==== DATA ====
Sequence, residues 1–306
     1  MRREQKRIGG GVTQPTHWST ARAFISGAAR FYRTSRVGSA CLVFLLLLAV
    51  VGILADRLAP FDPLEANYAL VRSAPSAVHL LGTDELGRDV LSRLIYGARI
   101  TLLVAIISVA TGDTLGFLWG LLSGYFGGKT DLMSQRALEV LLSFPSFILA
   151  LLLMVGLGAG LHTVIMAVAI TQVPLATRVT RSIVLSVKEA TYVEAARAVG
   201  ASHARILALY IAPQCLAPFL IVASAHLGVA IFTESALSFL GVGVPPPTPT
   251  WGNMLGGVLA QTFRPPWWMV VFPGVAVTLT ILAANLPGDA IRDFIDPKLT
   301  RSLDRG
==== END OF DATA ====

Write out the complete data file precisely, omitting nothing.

Sequence, residues 1–306
     1  MRREQKRIGG GVTQPTHWST ARAFISGAAR FYRTSRVGSA CLVFLLLLAV
    51  VGILADRLAP FDPLEANYAL VRSAPSAVHL LGTDELGRDV LSRLIYGARI
   101  TLLVAIISVA TGDTLGFLWG LLSGYFGGKT DLMSQRALEV LLSFPSFILA
   151  LLLMVGLGAG LHTVIMAVAI TQVPLATRVT RSIVLSVKEA TYVEAARAVG
   201  ASHARILALY IAPQCLAPFL IVASAHLGVA IFTESALSFL GVGVPPPTPT
   251  WGNMLGGVLA QTFRPPWWMV VFPGVAVTLT ILAANLPGDA IRDFIDPKLT
   301  RSLDRG